A wave of emotion surged through the audience when cancer survivor Sue McMillan pulled out two $50 notes to complete the Peter’s Project cancer centre appeal yesterday.
Her cash not only took the appeal to its $5 million target three months ahead of schedule, it also realised a dream five years earlier by Peter Jellie as he battled cancer in Warrnambool Base Hospital, where Ms McMillan comforted him in her pastoral care role.
After Mr Jellie’s death, his widow Vicki spearheaded the formation of a committee to push for establishment of a dedicated treatment centre in Warrnambool so south-west residents would not have to travel Geelong, Ballarat or Melbourne for specialist procedures.
Ms McMillan herself journeyed many times to Geelong for treatment while she had a young family.
“Peter’s spirit is very palpable in the room today,” she said at yesterday’s official announcement of the $5m community fund-raising achievement, which will go towards a proposed $30m radiotherapy centre expected to be under construction by next year, bolstered by $15m from state government and $10m from Canberra.
“I’m sure he’d be pleased she had the courage to bring that dream to reality.”
Ms McMillan’s donation also kickstarted the Peter’s Project Foundation which will be an ongoing source of revenue to support patients in the proposed cancer centre and assist staff with resources and training.
The appeal target was given a huge boost yesterday when Devondale Murray Goulburn dairying company donated $300,000, the largest corporate contribution since the appeal started nine months ago.
“People have been touched by cancer in this region and this donation is to support the community that supports us,” managing director Gary Helou said.
Ms Jellie was given numerous accolades for her determined leadership along with appeal chairman Peter Headen and other members of the committee, of which Premier Denis Napthine was an inaugural member in his role as local MP.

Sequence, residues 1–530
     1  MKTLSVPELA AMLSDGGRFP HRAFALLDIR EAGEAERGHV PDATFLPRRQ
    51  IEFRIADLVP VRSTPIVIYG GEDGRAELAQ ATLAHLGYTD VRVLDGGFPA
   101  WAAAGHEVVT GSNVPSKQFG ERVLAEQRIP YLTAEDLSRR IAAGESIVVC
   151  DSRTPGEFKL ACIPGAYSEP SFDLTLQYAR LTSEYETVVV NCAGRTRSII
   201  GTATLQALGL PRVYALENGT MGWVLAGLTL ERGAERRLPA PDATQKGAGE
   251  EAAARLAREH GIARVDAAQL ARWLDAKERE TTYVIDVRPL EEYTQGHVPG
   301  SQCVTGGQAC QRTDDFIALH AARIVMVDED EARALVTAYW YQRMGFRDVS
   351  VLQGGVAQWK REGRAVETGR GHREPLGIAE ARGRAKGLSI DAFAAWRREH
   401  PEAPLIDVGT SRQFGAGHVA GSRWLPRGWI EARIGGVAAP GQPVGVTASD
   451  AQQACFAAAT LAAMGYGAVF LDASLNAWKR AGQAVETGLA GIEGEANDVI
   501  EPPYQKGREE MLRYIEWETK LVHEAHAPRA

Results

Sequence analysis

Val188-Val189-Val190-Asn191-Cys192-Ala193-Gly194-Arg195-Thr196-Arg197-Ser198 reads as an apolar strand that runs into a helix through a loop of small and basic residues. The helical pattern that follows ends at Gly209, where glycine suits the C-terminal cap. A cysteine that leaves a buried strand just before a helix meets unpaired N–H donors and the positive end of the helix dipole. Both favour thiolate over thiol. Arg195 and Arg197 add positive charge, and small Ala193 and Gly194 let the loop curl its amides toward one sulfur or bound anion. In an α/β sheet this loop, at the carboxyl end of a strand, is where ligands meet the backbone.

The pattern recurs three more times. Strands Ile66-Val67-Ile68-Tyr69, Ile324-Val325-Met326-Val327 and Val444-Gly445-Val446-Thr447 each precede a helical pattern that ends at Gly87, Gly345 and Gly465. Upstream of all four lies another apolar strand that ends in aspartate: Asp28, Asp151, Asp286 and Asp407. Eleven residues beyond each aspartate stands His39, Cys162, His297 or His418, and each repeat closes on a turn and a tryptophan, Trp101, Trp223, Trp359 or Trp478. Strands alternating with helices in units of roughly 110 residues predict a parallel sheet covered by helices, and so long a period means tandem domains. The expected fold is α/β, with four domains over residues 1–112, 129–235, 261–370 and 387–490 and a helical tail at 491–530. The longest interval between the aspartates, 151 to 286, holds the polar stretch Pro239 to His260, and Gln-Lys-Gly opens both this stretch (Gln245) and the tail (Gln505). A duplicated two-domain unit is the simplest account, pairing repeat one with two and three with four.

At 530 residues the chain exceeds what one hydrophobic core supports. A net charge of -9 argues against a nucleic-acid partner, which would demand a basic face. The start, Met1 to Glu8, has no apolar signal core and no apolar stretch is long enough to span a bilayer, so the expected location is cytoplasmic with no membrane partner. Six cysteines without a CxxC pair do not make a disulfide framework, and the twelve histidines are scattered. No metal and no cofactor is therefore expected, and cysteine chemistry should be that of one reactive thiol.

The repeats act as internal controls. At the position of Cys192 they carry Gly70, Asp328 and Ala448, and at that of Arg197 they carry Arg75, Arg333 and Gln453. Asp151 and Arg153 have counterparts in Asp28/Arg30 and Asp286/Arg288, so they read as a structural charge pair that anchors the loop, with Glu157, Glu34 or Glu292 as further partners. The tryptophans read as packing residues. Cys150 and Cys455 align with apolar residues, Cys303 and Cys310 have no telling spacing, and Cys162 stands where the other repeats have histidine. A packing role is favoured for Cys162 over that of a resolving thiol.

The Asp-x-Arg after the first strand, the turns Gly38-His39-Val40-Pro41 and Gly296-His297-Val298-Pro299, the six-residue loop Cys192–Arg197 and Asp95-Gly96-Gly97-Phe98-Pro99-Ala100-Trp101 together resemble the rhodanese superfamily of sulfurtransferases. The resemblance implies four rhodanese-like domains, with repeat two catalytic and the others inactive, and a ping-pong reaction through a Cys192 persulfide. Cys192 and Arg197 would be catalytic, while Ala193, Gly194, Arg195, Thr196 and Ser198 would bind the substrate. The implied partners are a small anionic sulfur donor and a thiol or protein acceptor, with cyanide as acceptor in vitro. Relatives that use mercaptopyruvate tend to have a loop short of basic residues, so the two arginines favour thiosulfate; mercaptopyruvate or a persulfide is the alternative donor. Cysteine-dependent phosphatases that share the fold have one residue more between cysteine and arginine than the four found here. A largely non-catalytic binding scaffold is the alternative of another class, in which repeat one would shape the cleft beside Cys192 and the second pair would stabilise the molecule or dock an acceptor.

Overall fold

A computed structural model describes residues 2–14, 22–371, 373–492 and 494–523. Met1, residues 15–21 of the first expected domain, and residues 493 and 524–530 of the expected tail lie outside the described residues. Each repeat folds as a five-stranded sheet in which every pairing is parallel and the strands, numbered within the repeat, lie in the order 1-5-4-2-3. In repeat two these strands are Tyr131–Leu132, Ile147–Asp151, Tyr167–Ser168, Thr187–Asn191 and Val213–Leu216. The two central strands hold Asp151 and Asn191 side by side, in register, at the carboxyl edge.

“It’s from the heart, that’s what this has been all about,” Ms Jellie said.
“What started as a dream five years ago has happened.
“We reached our target three months earlier than target because of the community believing in our cause.
“The foundation will never ask anyone to help raise $5m again, but the community has indicated it will continue to support us.”
Dr Napthine quivered with emotion as he acknowledged community effort and the cancer patients who travelled hundreds of kilometres from home for cancer treatment. He also revealed battles to convince health bureaucrats in Melbourne the region needed better facilities, despite population statistics showing otherwise.
“I told them I guarantee south-west Victoria will raise their share of the money and in the end we did,” he said.
“It is the passion of the community.
“I guarantee we will deliver the service.”
Dr Napthine said approval for an ambulance helicopter several years ago and the cancer centre funding were two of his most satisfying achievements as a local member.
His federal Liberal counterpart Dan Tehan, local member for Wannon, also shared the internal battles with Canberra bureaucrats who doubted community resolve.